Monday morning I was sitting in my den, drowsily watching a replay of the NASCAR race from Kansas, when I was shocked from my stupor by images of the flaming number 10 car of Danica Patrick.
She got caught up in a fiery wreck with Joey Logano and Aric Almirola, the latter who plowed into them from 10 positions back. All three cars were engulfed in a brief inferno. Thankfully, today’s race car is built for safety and includes fire retardant material.
Patrick and Logano escaped injury, but Amirola had to be cut out his car and taken to the hospital. He suffered a broken vertebrae in his back, but wasn’t torched.
Repeated clips of the collision showed Logano clipping Danica from behind after his brakes failed, sending her into a spin which put her into the track wall. Thus, the incident wasn’t her fault.
The only female driver in the Monster Cup series, Danica is always at the focal point of media attention. It doesn’t hurt that’s she’s “hot” either. (Not my words. Those of her boyfriend and fellow driver Rickey Stenhouse, although I agree. He also has said that she can cook.)
So of course the Fox Sports people talked Patrick afterward about the accident.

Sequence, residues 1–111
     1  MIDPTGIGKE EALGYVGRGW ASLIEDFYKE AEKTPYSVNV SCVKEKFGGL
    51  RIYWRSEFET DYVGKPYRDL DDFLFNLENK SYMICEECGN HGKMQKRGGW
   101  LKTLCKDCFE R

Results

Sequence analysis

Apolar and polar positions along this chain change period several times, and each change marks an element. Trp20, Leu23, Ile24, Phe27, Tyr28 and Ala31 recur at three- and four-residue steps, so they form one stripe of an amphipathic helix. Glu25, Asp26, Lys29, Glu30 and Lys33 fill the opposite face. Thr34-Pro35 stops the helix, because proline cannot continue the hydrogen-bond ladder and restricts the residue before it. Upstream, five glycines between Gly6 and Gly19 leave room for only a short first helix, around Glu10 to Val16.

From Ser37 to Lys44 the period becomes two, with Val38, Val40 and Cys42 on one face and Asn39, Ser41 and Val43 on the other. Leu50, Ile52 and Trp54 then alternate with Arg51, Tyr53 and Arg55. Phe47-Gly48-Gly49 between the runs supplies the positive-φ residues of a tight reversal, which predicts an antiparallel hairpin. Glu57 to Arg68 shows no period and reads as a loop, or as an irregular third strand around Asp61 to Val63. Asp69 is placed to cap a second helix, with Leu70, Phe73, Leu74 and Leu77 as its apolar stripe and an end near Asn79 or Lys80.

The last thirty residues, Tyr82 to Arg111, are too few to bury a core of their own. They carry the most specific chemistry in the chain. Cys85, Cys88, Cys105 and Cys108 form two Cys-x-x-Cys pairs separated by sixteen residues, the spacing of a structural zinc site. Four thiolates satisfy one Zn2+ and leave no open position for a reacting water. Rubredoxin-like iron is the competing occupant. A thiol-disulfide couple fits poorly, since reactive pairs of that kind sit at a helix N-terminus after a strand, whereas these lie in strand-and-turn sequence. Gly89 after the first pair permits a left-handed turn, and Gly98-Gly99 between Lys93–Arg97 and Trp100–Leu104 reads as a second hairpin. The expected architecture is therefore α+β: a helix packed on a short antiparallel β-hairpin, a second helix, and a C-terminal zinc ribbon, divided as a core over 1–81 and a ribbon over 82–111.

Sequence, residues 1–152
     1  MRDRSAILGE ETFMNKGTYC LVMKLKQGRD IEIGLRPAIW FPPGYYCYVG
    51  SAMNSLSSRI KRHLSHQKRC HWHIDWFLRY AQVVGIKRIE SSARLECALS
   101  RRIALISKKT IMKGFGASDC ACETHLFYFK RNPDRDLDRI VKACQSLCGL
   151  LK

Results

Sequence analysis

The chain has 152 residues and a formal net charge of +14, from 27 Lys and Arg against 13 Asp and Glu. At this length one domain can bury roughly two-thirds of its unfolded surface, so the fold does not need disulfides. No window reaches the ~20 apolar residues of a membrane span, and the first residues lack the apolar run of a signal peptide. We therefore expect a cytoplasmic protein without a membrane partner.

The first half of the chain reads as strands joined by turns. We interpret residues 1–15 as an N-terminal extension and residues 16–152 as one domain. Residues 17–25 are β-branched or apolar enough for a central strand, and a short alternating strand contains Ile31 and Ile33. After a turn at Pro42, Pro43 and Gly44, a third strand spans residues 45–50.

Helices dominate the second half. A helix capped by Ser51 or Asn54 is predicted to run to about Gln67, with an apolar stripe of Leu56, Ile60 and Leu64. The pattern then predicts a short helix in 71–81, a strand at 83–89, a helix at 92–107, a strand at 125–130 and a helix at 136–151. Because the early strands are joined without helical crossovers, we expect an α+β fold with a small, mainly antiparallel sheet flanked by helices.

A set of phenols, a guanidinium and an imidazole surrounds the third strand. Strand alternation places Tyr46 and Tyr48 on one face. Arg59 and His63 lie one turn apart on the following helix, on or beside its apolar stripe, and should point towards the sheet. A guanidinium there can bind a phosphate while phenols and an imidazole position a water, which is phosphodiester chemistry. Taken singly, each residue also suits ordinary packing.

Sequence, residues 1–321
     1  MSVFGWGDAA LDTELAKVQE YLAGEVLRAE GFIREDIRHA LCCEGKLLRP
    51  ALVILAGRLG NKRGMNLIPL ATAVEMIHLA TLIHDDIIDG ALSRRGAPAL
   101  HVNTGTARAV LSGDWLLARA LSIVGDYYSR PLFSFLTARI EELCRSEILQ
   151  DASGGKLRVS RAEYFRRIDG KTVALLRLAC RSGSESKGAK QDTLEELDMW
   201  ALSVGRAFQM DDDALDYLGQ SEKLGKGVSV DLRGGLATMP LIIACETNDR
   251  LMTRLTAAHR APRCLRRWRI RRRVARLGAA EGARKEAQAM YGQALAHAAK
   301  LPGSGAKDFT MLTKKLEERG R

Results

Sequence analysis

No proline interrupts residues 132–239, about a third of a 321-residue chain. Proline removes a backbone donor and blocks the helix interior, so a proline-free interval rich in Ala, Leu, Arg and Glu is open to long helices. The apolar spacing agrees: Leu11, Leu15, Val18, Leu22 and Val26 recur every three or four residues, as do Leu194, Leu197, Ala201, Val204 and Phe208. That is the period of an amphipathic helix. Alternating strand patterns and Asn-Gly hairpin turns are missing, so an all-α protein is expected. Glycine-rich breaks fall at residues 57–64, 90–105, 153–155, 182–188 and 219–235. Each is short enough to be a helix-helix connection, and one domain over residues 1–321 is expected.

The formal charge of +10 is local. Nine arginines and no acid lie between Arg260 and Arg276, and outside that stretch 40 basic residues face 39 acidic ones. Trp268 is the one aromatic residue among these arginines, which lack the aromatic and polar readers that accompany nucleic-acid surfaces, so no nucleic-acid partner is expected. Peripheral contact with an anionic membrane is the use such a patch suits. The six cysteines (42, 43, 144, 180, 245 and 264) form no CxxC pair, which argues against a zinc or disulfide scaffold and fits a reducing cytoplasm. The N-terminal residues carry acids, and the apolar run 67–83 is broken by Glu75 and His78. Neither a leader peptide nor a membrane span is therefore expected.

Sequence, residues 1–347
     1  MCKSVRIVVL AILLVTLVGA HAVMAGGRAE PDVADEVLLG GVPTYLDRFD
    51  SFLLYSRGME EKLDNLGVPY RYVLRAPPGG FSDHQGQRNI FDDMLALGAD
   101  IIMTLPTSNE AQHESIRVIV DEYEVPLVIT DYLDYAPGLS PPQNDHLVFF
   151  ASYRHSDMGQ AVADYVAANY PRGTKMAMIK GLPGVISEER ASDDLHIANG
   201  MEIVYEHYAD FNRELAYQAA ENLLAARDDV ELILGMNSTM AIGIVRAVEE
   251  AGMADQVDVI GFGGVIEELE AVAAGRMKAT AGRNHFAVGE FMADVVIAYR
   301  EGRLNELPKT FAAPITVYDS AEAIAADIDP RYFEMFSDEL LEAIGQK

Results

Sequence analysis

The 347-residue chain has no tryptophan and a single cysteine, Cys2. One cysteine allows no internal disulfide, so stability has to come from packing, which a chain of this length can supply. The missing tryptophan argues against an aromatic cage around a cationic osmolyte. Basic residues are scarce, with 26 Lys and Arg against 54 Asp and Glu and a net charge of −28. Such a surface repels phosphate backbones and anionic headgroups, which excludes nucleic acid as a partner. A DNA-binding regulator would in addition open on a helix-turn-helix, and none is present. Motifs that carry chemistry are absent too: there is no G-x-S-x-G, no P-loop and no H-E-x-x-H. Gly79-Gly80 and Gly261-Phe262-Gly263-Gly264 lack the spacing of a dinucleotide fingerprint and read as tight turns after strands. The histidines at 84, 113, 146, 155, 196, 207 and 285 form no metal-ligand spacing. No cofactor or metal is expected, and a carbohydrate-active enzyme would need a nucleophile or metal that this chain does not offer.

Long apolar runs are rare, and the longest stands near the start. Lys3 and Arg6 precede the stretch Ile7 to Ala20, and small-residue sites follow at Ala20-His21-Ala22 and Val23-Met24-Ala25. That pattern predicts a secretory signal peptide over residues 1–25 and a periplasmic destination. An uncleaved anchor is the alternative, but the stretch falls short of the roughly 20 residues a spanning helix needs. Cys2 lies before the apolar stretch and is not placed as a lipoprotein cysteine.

“I just don’t understand why so much bad luck happens,” she said.
Danica told her interviewer she couldn’t believe a brake rotor designed to withstand a lot of pressure could cause her demise. The rotor had broken on Logano’s car, causing him to lose control and smack her.
“Why?” she asked in dismay at her misfortune. “What else can I say?
“On the other hand, I was having a really good night and that’s what makes me the MOST mad…is that every time I’m doing better something STUPID happens. It’s just killing me.”
Patrick talked about her sense of foreboding over her repeated accidents on the NASCAR circuit.
After wishing Almirola well, she said, “One of these times one of these accidents is not going to go good for me. I’ve been very fortunate so far. One of these times it’s not going to go well.”
Danica isn’t the only one worried about her future. Danny Peters of Frontstretch.com wonders if she is done.
“All told, Danica has no wins, no top-5’s, a measly six top-10 runs and just 57 laps led in 165 races across six seasons. Put another way, her results don’t match her level of equipment – not by any stretch of the imagination
“My overwhelming takeaway to what was, to be fair, a ‘heat of the moment’ response? This will be her last season.”